The end of the year is traditionally a time to look back at the pluses and minuses of the old year and look ahead at what we are hoping for in the new one. As we get older there are plenty of past years to think about!

The event in 2015 which impressed me most was a government world wide determination to work together to save the world’s climate. I don’t remember a previous occasion when the nations of the world got together to work as one to save the planet we all share and depend on. My only concern is that it seems to have been an issue for governments only, without any recognition that they have limited ability to control pollution. The main polluters are the human inhabitants of the world. Some of the damage each of us does is inevitable but what a difference it would make if every inhabitant made a conscious effort to control our individual contribution beyond this, particularly in the developed world. I was made aware of this one day when a colleague talked about where she and her husband would go for their overseas holiday this year, apparently completely oblivious to the fact that the flight alone would add enormously to their personal pollution contribution.

My concern for 2016 is also the lack of recognition of ageism which seems to be part of government unwritten policy in at least 2 countries. In Australia, many pensioners are getting letters informing them that their pensions have been reduced. No explanation is given nor are the way pensions are calculated transparent. This does not happen in other areas of society; indeed in the workplace each item is carefully listed and legally addressed. Worse still, media reporters have discovered that many of the private superannuation companies are run by the highly profitable top banks who are taking up to 25% in fees.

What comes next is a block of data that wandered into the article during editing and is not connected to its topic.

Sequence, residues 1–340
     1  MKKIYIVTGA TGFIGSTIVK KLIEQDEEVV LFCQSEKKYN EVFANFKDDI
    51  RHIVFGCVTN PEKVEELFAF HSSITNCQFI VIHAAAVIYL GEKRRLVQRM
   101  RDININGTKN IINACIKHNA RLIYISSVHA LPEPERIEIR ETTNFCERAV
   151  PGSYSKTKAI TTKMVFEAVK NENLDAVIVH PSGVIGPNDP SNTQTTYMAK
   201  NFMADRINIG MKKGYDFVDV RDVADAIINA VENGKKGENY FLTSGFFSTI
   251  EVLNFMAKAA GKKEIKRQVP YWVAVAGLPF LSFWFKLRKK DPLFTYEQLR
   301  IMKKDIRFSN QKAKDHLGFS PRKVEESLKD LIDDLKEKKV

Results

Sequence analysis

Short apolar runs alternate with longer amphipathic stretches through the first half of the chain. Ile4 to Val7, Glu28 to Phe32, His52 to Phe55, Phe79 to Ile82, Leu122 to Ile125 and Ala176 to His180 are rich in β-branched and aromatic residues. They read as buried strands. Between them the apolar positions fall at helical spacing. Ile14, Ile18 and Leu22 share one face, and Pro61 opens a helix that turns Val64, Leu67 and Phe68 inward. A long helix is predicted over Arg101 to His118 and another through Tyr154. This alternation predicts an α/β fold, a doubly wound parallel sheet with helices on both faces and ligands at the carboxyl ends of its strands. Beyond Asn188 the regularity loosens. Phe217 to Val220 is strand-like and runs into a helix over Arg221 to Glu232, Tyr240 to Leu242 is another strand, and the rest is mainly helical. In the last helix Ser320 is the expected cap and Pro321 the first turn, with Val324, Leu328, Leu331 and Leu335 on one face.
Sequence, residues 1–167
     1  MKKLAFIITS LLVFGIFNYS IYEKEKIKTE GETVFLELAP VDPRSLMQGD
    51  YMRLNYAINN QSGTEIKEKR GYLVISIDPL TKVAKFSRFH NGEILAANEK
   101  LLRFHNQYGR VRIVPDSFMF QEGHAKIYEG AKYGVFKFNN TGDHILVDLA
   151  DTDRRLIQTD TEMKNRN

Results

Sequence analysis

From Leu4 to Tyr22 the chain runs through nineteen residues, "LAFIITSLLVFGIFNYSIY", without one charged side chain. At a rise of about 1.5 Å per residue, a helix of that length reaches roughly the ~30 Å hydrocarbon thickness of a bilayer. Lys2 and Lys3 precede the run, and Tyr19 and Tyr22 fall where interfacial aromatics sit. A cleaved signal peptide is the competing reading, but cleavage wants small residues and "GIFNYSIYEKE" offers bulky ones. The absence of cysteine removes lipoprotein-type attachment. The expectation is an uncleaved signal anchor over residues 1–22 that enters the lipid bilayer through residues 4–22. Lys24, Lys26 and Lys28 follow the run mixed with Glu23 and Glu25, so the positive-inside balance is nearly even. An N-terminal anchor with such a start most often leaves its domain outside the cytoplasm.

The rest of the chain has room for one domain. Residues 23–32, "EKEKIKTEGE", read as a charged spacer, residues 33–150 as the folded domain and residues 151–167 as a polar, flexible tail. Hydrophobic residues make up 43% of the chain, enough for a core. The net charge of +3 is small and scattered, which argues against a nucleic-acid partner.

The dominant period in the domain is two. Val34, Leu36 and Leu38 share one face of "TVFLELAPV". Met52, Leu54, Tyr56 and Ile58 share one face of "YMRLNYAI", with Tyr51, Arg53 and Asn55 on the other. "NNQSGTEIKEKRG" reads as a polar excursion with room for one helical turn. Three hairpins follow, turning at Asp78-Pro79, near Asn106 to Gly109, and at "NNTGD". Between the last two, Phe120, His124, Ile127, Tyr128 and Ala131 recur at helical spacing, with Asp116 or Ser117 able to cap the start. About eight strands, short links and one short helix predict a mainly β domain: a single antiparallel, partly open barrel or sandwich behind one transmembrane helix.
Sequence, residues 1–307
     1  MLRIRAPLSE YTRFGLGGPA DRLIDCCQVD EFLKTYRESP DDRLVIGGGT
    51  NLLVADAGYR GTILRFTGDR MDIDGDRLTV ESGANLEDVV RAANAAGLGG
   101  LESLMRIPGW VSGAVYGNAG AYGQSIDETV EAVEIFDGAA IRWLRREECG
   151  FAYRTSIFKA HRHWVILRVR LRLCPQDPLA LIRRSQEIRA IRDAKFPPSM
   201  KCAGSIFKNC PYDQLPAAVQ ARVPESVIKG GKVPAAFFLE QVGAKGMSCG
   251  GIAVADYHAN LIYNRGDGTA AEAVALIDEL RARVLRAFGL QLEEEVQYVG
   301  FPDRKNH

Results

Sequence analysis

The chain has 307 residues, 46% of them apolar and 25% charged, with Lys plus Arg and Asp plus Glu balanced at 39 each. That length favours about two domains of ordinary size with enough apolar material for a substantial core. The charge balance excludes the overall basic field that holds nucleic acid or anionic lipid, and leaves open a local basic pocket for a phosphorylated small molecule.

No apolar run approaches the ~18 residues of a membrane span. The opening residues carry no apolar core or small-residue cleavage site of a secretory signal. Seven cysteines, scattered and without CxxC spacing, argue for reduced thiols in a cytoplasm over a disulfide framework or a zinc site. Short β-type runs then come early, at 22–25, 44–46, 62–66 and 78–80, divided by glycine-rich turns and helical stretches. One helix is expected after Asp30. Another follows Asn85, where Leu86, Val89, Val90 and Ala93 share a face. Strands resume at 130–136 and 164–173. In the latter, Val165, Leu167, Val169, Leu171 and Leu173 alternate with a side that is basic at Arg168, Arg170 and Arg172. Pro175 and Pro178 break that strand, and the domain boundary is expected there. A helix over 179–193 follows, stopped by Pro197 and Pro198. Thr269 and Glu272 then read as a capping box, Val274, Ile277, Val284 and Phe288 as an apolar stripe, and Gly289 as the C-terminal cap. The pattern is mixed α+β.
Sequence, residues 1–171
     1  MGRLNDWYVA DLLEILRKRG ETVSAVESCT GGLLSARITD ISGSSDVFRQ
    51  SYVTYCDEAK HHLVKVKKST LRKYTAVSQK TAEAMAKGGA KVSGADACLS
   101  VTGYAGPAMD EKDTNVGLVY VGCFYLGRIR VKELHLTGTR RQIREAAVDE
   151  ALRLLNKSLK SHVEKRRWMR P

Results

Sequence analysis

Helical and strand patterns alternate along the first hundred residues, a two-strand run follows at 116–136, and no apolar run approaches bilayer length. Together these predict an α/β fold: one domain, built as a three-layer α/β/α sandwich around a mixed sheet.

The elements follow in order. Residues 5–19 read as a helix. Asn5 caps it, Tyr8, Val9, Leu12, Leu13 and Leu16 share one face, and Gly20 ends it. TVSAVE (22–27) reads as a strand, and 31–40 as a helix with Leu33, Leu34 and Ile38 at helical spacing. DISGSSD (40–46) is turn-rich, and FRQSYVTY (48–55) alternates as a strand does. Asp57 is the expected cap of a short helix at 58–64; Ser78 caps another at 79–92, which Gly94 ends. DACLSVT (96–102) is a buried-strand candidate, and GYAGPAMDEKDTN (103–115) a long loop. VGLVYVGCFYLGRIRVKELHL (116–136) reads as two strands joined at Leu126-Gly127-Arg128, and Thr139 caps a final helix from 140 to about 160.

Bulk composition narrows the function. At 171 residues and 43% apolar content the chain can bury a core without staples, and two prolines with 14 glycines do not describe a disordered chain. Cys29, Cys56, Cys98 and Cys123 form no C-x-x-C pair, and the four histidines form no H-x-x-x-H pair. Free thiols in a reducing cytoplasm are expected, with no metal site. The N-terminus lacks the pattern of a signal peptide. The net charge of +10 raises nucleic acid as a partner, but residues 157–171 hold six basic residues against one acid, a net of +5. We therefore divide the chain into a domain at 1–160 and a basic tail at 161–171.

Whilst this to me is completely unacceptable the situation in the UK is even worse. One elderly lady waiting for a heart operation has realised that she seems to have been dropped off the waiting list, something that has happened to her twice before. The thinking is apparently that old people are going to die anyway so health money is better spent on younger people. Apparently those who make these policies are incapable of figuring out that  this way health costs are likely to rise with the additional care required, as well as the increase in human suffering. They can only reason that it looks better for them if waiting lists are reduced. I’m sure that there are similar stories to these from other countries.

These are some of the battles we face in the year ahead. We need to be vigilant and speak out when we see a wrong in any area. That way at the end of the year we will be able to look back with pride and satisfaction. I hope we can also have an enjoyable year, buoyed by our successes in making the world a better place.